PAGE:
“Garbage in, garbage out” is a standard programming and analysis maxim: If you’re working with bad data, your results, no matter how carefully reasoned, are likely to prove false. The best architect in the world can’t build a sturdy house with rotten wood and misfired bricks. In a typical business environment, putting garbage into a system may result in missed earnings, poor margins, and even business failure. That’s bad, but in life-and-death fields like healthcare, the results of bad data can be lethal. 

In the United States, piecing together a patient’s medical history represents a real challenge. The private insurance industry means that patients often switch doctors, and some go years without seeing a primary care physician. Specialists may or may not communicate, and prescriptions may be filled at several different pharmacies. Then, of course, there are the strict regulations surrounding the sharing of healthcare information. These rules, like the Health Insurance Portability and Accountability Act (HIPAA), are good and necessary, but they introduce logistical challenges. Given the complexities of healthcare, it’s no wonder that many doctors worry they may not have the full pictures of their patients’ health. They’re worried they may be working with bad, and therefore dangerous, information.

Blockchains and distributed ledger technologies might prove useful in streamlining and strengthening the data regimes in American healthcare and in healthcare the world over. Because a blockchain ledger is encrypted and distributed, it has the potential to make health information instantly available wherever it is needed while keeping sensitive information private. If vital records are on a single doctor’s computer or, even worse, exist only on printouts in a locked filing cabinet, there may be delays and problems transmitting the data. If the patient just needs the information for a routine check-up, that’s one thing, but if a hospital urgently needs patient statistics before an emergency operation? That’s another problem entirely.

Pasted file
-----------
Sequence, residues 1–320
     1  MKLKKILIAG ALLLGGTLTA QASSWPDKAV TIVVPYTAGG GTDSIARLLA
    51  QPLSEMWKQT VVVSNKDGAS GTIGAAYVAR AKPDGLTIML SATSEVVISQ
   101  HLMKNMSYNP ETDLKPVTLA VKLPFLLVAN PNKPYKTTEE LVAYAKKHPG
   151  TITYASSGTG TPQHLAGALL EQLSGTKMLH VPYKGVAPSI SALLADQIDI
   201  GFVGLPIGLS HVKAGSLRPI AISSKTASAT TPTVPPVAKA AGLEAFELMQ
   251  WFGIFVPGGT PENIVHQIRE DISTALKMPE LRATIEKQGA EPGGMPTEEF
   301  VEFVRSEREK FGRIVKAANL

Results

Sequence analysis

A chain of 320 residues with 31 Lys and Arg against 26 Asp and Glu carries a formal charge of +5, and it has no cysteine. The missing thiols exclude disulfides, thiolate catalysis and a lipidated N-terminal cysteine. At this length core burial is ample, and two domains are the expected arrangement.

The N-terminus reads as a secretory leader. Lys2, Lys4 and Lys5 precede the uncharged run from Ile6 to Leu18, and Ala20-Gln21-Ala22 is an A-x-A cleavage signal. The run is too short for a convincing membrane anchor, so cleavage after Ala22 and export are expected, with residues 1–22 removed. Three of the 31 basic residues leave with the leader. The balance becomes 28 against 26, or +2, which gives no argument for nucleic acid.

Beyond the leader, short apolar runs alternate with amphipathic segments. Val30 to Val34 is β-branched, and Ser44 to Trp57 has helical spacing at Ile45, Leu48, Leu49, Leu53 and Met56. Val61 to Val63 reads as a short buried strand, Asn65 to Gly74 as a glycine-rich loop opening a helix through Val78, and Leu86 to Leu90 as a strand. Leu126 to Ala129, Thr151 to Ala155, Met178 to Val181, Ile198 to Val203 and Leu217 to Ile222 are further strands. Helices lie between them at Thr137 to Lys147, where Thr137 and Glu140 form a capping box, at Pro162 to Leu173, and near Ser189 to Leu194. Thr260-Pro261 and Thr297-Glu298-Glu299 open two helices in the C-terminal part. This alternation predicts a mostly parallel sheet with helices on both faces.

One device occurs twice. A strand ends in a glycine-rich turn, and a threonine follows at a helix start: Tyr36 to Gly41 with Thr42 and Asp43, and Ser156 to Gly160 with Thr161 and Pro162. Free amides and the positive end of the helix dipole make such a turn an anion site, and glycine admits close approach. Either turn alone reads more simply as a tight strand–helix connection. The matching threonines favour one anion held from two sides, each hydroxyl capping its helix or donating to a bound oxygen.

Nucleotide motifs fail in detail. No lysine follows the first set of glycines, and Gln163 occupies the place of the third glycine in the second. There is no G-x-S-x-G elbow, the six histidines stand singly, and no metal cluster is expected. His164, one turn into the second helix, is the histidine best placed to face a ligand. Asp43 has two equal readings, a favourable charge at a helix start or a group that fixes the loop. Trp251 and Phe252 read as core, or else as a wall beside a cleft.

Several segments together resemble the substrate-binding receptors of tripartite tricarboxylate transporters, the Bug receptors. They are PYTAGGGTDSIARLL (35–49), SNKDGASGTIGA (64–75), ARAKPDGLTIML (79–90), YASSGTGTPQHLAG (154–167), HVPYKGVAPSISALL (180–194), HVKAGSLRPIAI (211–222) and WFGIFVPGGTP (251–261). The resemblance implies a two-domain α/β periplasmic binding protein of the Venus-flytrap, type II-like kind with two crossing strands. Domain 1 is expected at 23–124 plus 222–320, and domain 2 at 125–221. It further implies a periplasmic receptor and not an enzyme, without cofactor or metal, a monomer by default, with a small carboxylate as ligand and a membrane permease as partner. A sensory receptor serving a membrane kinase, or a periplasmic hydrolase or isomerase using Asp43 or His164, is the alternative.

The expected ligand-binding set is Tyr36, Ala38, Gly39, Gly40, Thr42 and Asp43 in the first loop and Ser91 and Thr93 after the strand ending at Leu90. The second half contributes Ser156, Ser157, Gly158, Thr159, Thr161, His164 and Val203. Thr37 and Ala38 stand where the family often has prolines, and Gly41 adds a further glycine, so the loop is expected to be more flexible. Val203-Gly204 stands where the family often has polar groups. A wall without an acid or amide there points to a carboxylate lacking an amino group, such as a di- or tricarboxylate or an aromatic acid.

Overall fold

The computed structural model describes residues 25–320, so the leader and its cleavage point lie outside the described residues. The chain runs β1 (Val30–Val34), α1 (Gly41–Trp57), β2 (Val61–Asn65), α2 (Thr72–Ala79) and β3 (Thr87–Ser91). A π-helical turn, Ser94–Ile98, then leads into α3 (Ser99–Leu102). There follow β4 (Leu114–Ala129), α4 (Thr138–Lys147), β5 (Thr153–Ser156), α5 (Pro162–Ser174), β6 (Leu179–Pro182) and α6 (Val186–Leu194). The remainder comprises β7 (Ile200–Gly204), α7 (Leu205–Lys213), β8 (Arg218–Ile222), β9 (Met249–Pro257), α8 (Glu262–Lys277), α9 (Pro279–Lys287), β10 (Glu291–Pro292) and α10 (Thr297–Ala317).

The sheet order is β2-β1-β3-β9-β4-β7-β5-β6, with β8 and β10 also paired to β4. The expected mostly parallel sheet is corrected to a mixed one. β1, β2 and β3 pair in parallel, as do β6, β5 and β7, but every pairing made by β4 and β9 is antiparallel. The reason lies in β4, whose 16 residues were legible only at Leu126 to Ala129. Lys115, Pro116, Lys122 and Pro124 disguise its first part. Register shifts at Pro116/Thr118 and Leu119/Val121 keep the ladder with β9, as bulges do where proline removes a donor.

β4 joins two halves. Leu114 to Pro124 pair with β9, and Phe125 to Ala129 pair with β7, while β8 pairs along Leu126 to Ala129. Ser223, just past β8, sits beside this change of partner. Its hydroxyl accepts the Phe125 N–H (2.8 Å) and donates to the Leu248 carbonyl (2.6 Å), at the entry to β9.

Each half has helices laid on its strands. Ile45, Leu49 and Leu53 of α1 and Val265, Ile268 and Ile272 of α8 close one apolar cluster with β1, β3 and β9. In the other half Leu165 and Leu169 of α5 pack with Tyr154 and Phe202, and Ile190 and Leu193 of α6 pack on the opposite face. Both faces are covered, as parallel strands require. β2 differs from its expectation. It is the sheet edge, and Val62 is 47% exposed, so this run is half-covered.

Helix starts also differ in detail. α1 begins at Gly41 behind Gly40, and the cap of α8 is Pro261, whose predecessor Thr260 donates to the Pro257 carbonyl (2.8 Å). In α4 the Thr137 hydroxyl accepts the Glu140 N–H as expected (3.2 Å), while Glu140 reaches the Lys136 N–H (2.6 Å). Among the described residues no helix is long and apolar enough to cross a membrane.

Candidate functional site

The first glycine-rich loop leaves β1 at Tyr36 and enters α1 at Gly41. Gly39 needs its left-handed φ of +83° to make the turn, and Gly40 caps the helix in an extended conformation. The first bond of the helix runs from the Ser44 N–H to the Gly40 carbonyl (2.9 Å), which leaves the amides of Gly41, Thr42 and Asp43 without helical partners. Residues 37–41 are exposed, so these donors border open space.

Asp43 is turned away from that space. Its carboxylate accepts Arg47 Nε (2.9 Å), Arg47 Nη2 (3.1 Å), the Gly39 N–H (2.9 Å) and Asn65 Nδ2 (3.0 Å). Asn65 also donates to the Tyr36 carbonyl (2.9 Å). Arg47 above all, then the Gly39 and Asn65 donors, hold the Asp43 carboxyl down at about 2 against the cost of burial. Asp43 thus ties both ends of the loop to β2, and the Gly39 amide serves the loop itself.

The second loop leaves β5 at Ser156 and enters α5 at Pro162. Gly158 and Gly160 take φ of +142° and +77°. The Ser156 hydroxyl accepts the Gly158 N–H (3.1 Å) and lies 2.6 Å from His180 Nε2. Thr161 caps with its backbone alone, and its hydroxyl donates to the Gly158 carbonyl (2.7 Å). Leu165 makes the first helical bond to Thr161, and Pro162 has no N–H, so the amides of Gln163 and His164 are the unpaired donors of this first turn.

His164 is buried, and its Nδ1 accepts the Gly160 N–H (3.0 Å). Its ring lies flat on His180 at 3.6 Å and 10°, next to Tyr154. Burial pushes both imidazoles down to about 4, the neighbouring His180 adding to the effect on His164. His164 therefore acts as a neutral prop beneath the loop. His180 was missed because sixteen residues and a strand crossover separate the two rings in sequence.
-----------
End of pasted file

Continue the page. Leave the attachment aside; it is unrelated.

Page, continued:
Blockchains for healthcare have not yet achieved mass adoption, but they’re already in production. Solve.Care, to take just one example, now works in the Arizona Care Network, providing information for administrators, clinicians, and patients. Their Care.Cards app allows for swift coordination between the many participants in an individual’s medical life, so that treatment and prevention alike become easier and more efficient. 

Though many observers continue to associate blockchain and distributed ledger technologies with cryptocurrencies and high finance, the case of healthcare reminds us that the technology has many uses beyond money. In the months and years to come, what else will blockchain change? It’s a question that everyone in the industry must reflect on.

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